2. Cinematic lighting: A style of lighting used in movies to create a specific mood or atmosphere.
  3. Rim lighting: A technique used to create a halo-like effect around the edges of a subject, separating it from the background.
  4. God rays: A lighting effect that simulates beams of sunlight shining through clouds or other objects.
  5. Volumetric lighting: A technique used to create atmospheric effects, such as dust, fog, or haze.
  6. Subsurface scattering: A lighting technique that simulates how light penetrates and scatters within translucent materials, such as skin or wax.
  7. Luminescence: The emission of light from a material or object without being heated.
  8. Hard shadows: A sharp and distinct shadow created by a direct and focused light source.
  9. Ektachrome: A type of color film that produces bright, saturated colors.
  10. Diffused lighting: A soft and even lighting that lacks harsh shadows, often achieved by using a diffuser or bouncing light off a reflective surface.
  11. Bioluminescent details: Details that emit light naturally, often found in underwater creatures or plants.
  12. Halo: A circular lighting effect that appears around a light source.
  13. Shimmering light: A flickering or sparkling effect created by light reflecting off a textured or uneven surface.
  14. Iridescent: A type of lustrous color effect created by diffraction, interference, or selective absorption of certain wavelengths of light.
  15. Backlighting: A technique where the main light source is placed behind the subject, creating a silhouette effect.
  16. Radiant light rays: A lighting effect that simulates rays of light shining from a single point.
  17. Caustics: A lighting effect that creates patterns of light and shadow, often found in refractive surfaces like glass or water.
  18. Specular lighting: A technique used to create highlights and shininess on surfaces.
  19. Soft lighting: A gentle and diffused lighting that lacks harsh shadows, often used to create a natural and organic look.
  20. Studio lighting: Lighting techniques used in a controlled environment, often used in portrait or product photography.
  21. Translucency: A material or object’s ability to transmit and scatter light, creating a semi-transparent effect.

Color terms

These words are related to color processing and manipulation in visual media such as photography, cinematography, and graphic design.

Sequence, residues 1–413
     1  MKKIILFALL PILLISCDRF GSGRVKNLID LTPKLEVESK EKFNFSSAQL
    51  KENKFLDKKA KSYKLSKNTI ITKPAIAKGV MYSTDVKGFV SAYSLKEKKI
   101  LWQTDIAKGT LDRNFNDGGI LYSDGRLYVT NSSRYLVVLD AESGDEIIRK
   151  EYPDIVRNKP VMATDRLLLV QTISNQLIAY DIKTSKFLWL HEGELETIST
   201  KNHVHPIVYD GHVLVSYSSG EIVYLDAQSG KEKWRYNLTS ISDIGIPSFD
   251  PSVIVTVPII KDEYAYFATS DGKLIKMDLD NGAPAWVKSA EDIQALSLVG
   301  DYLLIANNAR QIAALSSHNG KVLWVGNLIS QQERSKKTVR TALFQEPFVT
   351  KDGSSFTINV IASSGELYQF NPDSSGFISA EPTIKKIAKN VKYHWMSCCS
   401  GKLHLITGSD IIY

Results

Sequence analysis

1. Vibrant: Describes bright, lively, and intense colors that appear bold and eye-catching.
  2. Muted colors: Refers to colors that have been desaturated or toned down, resulting in a softer, more subdued appearance.
  3. Vivid color: Refers to colors that are intense, bright, and striking, often used to create a sense of energy and excitement.
  4. Post-processing: Refers to the editing and manipulation of images or videos after they have been captured or recorded, often using software tools.
  5. Color grading: The process of adjusting and manipulating the colors of an image or video to create a desired look or mood.
  6. Tone mapping: A technique used to compress the dynamic range of an image, allowing details in both bright and dark areas to be visible.
  7. Lush: Refers to colors that are rich, vibrant, and full of life, often associated with nature or organic forms.
  8. Low contrast: Refers to an image with minimal difference between the lightest and darkest areas, resulting in a muted, subdued appearance.
  9. Vintage: Refers to colors and styles that are reminiscent of an earlier time period, often with a nostalgic or sentimental appeal.
  10. Aesthetic: Refers to the visual style or appearance of an image, often associated with a particular art movement or design philosophy.
  11. Psychedelic: Refers to bright, bold, and often surreal colors and patterns, often associated with 1960s counterculture and psychedelic art.
  12. Monochrome: A color scheme consisting of a single color or shades of a single color, often used to create a sense of simplicity and elegance.
  13. Saturation: The intensity or purity of a color, often used to create a sense of vibrancy or depth in an image.
  14. Desaturation: The process of reducing the saturation of colors in an image, often used to create a muted or understated look.
  15. Color balance: The adjustment of the colors in an image to achieve a desired overall tone or mood.
  16. Color temperature: The perceived warmth or coolness of a color, often adjusted in post-processing to achieve a desired effect.
  17. Cross-processing: A technique of developing photographic film in a chemical solution intended for a different type of film, resulting in unique color shifts and contrasts.
  18. Tint: A slight color cast added to an image to create a particular mood or atmosphere.
  19. Gradient: A gradual transition between two or more colors, often used to create a smooth and subtle color shift in an image.

Negative words

out of frame, bad anatomy, deformed hands, blurry, disfigured, deformed, cartoon, toy, figure, framed